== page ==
It was superstar heaven. Keith Richards was laughing and talking with Jimmy Page. A bodyguard handed Bob Dylan a beer. Across the room Jack Nicholson and Neil Young chatted. Andy Taylor, guitarist for Duran Duran and the Power Station, took a hit off a joint and screamed out, “Don,” then gave ‘Miami Vice’ star Don Johnson a hug. “We gonna get high!”
At one a.m. the party inside the second-floor suite of the the Palace Hotel in Philadelphia was still going strong. Live Aid — the concert that was being called the Eighties Woodstock — was now history. More than 1.5 billion people from all around the world had watched on television as over sixty pop stars performed on stages in London and Philadelphia. As much as $40 million had been raised for the starving people in drought-stricken Africa. Now it was time to cool out.
Yet the communal spirit that had been in evidence at Wembley Stadium, in London, and John F. Kennedy Stadium, in Philadelphia, was alive at this low-key party for the stars. There was a warm feeling of camaraderie as celebrities sat next to each other on a sofa, shared a chair, enjoyed a good laugh. The biggest names in rock — some known for their arrogance, others for their egotism — had at least for this day (and the following night and morning) cut the pretentiousness and one-upmanship.
Gathered together at one end of the room – drinking, chatting, carrying on – were Dylan, Richards, Page, Ron Wood, Stephen Stills and former Temptations Eddie Kendricks and David Ruffin. Dylan wore black leather pants and, over his bare chest, a black leather vest; an earring hung from his left ear, and a woman wearing a blond wig hung on to his right arm. “Fun? No, we couldn’t hear anything,” Dylan said of his performance with Wood and Richards. Still, it was easy to see that he was enjoying himself. “We had fun rehearsing.”
Duran Duran keyboardist Nick Rhodes and his wife, sheathed in black leather, surveyed the scene. Over by the bar someone said to Andy Taylor, “Andy, having a good time?”
“He’s drunk,” said Taylor’s wife.
Keith Richards stepped out onto the patio, where he was asked what it was like playing with Dylan. “Well, it’s not the first time,” he said.
“It is the first time you’ve played together in public, though.”
“Yeah, first time before a paying audience. Course we didn’t get paid.” He laughed, then added, obviously joking, “Would have been better if we’d gotten paid.”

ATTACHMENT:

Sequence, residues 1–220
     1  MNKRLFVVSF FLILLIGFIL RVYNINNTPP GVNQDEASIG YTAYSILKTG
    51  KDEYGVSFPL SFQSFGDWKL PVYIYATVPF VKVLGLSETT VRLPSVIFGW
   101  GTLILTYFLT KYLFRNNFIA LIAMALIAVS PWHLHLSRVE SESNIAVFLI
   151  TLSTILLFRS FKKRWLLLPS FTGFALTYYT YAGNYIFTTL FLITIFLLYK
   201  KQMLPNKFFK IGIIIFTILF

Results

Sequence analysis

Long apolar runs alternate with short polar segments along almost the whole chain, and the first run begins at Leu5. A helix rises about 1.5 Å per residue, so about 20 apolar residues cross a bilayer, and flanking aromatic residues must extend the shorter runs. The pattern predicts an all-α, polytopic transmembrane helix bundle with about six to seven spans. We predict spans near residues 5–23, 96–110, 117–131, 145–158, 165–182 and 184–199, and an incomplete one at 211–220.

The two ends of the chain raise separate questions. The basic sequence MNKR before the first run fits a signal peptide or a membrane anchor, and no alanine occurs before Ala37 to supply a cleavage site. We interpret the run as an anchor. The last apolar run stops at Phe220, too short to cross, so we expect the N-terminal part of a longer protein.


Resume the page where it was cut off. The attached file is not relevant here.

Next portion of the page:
At 3:44 a.m., following dinner with Tina Turner and Chevy Chase in Tina’s suite, Mick Jagger came downstairs and made his entrance. Why did he choose to perform? “To raise a lot of money,” said Jagger. “That was the main thing — draw attention to the hunger in the world. Down the line, people can appreciate what can be done by an event of this magnitude. It was really a relatively nice, well-meaning event.” Then he walked, with jerky steps, across the patio, taking a seat next to Nick Rhodes. The old guard and the new, having some fun together.
Those two words were all Bob Geldof — the leader of the Boomtown Rats and the man responsible for the all-star British benefit single “Do They Know It’s Christmas?” — needed to hear. Harvey Goldsmith, the top promoter in England, was willing to help make his dream come true.
“Bob said this should be the definitive statement for the music business,” said the thirty-nine-year-old Goldsmith, recalling his March meeting with Geldof. “He said we ought to do a show in England and one in America as well. The idea was to do a worldwide television hookup and raise money with a telethon. We just talked about it, and he asked, ‘Is it possible?'” Goldsmith paused a moment, then added with British understatement, “And that’s when the nightmare started.”
Goldsmith quickly secured Wembley Stadium — a 72,000-capacity outdoor sports arena seven miles from the center of London — for July 13th, 1985. Meanwhile, Bill Graham, whom Geldof had enlisted as the American promoter, landed JFK Stadium in Philadelphia.
As it happened, the City of Brotherly Love was in need of a better image, after the bombing of the MOVE headquarters in West Philadelphia had left 11 people dead and 250 homeless. “We did have that unfortunate incident,” said Larry Magid, a Philadelphia-based promoter who, along with partner Allen Spivak, helped Graham over the next few weeks. “And if this can help ease things up, great.”
The Global Jukebox
Michael C. Mitchell had a goal without precedent: a televised, intercontinental extravaganza, with a worldwide viewership of over 1.5 billion people — almost twice the audience of the 1984 Summer Olympics. And he had a deadline without precedent: in ten weeks he had to produce a broadcast that would normally take two years to organize.
Mitchell, the head of Worldwide Sports and Entertainment, not only produced the U.S. Live Aid concert but also set up the international telethon, sold broadcast rights around the world and oversaw all finances. Like Goldsmith and Graham and most of the other top Live Aid personnel, Mitchell, 39, donated his services.